If your doctor has ruled out any health problems, here is how to treat dog depression and help your depressed dog. 


Cuddle and hug your dog more often


As a dog owner, you probably know when your dog is seeking attention.

You can see clearly when your dog is trying to communicate with you. Give it the attention it deserves. Make sure you provide positive reinforcement by cuddling and give it regular hugs.

While it is essential that your dogs know that they are loved, you must avoid overdoing it. Give them the space that they require.

While a human might need hugs more often when he or she is experiencing anxiety, the dog does not feel the same.

They might feel more anxious when you cuddle and hug them too much.

A few belly scratches and pat on the head is enough to make your dog feel better. 


Give your dog more attention and time


Your dog needs your time and attention, but only at the right time. Do not go over and pat them when they seem glum and withdrawn.

Wait for signs such as wagging of tail and some sign of joy. Reward your Reward your dog’s behavior at that time with your attention.

Your pooch needs your valuable time, especially if it gets into a depressed mode. 


Exercise and engage in fun things


Try and spend as much time as you can with your pet playing, walking or running. Going for long drives is very helpful too.

Engage in fun activities with your dog as it will greatly help in alleviating your dog’s moods.

Bonding with your puppy is essential to get it out of its dark mood and help it come out of a difficult time.


A study by the Journal of Applied Animal Welfare Science revealed that the dogs of owners who played games and exercised regularly experienced less anxiety. 


Reward your dog for being happy


Rewarding your dog for its good behavior is an excellent way to build good dog habits.

These rewards are extremely comforting to your depressed dog and let them know they will get rewarded for good behavior which includes them being happy. 


Conversely, it is important not to give your dog treats when they exhibit negative behavior. This can encourage and prolong the depression.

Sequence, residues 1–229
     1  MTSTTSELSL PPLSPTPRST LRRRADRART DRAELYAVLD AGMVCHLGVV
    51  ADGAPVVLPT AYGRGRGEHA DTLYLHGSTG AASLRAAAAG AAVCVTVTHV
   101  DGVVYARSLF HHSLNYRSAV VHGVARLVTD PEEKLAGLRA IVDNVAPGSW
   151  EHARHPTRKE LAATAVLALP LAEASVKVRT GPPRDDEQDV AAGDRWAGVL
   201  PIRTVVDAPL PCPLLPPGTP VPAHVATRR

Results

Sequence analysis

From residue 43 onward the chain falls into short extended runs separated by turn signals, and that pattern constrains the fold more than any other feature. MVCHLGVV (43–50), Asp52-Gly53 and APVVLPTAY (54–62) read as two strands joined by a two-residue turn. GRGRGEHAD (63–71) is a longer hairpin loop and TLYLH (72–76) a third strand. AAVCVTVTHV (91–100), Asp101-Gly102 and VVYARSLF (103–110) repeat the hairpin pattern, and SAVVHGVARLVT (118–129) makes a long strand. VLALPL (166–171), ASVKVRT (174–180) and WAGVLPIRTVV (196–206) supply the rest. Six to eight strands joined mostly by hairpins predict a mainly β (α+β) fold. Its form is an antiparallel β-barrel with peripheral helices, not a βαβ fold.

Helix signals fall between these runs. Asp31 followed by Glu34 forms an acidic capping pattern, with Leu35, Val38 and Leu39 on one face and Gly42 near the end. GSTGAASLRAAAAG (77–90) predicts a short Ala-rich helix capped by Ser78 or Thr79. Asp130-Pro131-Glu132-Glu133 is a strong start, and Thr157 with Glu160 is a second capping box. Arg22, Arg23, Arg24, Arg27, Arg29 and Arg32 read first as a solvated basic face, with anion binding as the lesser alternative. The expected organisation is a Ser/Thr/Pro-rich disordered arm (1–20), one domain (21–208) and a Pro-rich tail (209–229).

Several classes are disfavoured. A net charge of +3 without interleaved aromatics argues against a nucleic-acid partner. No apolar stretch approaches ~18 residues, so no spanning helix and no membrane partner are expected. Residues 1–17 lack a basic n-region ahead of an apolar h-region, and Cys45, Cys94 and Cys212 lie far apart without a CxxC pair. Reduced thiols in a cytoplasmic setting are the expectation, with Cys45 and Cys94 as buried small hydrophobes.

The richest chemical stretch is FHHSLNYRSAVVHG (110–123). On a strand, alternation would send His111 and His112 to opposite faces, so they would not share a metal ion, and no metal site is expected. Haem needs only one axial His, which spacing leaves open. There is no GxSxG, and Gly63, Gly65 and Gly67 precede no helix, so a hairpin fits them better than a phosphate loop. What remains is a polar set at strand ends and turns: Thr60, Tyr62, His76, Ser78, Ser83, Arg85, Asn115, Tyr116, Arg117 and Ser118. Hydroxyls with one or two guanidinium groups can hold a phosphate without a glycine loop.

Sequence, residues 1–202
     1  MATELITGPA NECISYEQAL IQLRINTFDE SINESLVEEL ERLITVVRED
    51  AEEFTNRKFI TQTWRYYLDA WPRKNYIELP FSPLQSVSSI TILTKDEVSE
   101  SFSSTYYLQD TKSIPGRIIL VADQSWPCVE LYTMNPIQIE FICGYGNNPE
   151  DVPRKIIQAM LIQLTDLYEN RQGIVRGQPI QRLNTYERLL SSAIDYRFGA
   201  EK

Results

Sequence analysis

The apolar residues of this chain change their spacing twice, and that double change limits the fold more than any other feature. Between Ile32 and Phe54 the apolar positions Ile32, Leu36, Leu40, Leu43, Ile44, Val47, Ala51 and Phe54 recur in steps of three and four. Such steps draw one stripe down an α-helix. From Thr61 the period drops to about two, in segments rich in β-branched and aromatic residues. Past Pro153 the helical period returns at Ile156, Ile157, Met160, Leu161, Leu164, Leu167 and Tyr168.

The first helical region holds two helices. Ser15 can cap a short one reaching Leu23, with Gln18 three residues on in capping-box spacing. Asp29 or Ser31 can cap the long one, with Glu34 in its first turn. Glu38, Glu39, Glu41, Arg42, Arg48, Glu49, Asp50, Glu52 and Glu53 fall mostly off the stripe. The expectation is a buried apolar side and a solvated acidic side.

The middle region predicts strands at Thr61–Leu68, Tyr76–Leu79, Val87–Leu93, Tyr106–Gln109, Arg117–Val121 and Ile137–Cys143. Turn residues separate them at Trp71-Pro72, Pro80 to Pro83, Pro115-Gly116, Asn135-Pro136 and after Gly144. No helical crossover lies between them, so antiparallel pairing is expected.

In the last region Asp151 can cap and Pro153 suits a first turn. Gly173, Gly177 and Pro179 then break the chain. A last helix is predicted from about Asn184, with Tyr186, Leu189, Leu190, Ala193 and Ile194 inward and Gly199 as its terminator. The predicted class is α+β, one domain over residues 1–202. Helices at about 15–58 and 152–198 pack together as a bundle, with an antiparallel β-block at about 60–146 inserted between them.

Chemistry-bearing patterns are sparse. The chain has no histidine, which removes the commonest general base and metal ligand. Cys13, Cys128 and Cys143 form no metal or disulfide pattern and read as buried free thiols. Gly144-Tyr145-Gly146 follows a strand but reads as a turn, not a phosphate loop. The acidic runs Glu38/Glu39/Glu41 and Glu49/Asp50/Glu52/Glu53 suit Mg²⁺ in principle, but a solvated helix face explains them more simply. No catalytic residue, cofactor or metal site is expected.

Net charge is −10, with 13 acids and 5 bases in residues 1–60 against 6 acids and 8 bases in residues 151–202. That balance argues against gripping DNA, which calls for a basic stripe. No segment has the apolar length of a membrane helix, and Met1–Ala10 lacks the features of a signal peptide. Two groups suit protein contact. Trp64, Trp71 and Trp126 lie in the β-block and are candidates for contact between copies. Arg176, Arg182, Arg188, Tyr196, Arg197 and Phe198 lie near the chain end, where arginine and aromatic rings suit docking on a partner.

Social Interaction and companionship


Dogs are social animals and so allowing your dog to socialize with other dogs may help in improving its mood and helping it come out of depression.

It will provide your dog with a much-needed company. This is especially helpful if your dog has lost a companion and is grieving.

It will distract your dog and help develop a new bond that will make it feel better. 


However, it is essential to make sure that your dog gets along with the new dog or else your action might just backfire!

A new dog can make matters worse and become the cause of your current dog’s agitation. So, be careful!


Create a routine and stick to it


A routine is very important to dogs. Make sure you provide your pooch with a specific routine and help them cope with it.

You must walk, feed and play with them at a particular time.

Like human babies, you must develop a nighttime routine before going to bed. 


Plan a play date for your dog 


If you dog seem to get along with your neighbor’s puppy, try to schedule a play date.

This is extremely beneficial for dogs that are grieving or are in extreme depression.

Meeting, interacting and playing with its friend will enable your dog to come out of its depression and help boost its mood. 


Opt for medication as last resort 

There are many products you can feed your dogs to help the deal with anxiety and depression.

The medicines are created in the form of treats and will surely be enjoyed by your pooch.

These medicines are the same that is used on humans. Your dog will most likely recover within 6 to 12 months of medication.


Conclusion

If none of this works, you might need to seek professional help and get medication to alleviate your dog’s mood.

Once your veterinarian is able to eliminate sickness as a probable cause of their withdrawn behavior, he/she will be able to guide and recommend you other treatments. 


about the author

Frank Harrigan

Frank loves tacos and dogs - the good, bad and ugly sides of dog ownership.